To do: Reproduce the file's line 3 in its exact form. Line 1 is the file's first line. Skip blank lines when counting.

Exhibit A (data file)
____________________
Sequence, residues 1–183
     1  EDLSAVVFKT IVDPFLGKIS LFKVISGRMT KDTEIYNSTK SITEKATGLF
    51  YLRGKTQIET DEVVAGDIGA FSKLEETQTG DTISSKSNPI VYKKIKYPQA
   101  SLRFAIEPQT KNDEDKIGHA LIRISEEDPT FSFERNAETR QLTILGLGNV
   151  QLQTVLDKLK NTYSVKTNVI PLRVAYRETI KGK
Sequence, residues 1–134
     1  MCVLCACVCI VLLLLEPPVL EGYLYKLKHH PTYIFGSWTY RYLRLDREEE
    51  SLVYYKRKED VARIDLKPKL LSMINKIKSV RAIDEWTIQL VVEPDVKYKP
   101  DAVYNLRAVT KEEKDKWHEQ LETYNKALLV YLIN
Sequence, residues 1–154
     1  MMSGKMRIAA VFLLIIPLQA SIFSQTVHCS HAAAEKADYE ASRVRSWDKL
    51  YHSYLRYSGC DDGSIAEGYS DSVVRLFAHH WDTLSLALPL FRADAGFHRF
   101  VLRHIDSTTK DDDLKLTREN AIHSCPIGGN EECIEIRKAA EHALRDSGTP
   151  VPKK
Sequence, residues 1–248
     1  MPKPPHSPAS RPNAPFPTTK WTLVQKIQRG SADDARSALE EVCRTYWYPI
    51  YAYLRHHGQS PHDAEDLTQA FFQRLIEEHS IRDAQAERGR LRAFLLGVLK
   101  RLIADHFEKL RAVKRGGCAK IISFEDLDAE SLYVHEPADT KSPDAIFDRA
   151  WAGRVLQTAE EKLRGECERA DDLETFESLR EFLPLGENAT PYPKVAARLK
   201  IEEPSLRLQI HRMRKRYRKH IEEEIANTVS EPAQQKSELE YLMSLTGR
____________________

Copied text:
    51  YLRGKTQIET DEVVAGDIGA FSKLEETQTG DTISSKSNPI VYKKIKYPQA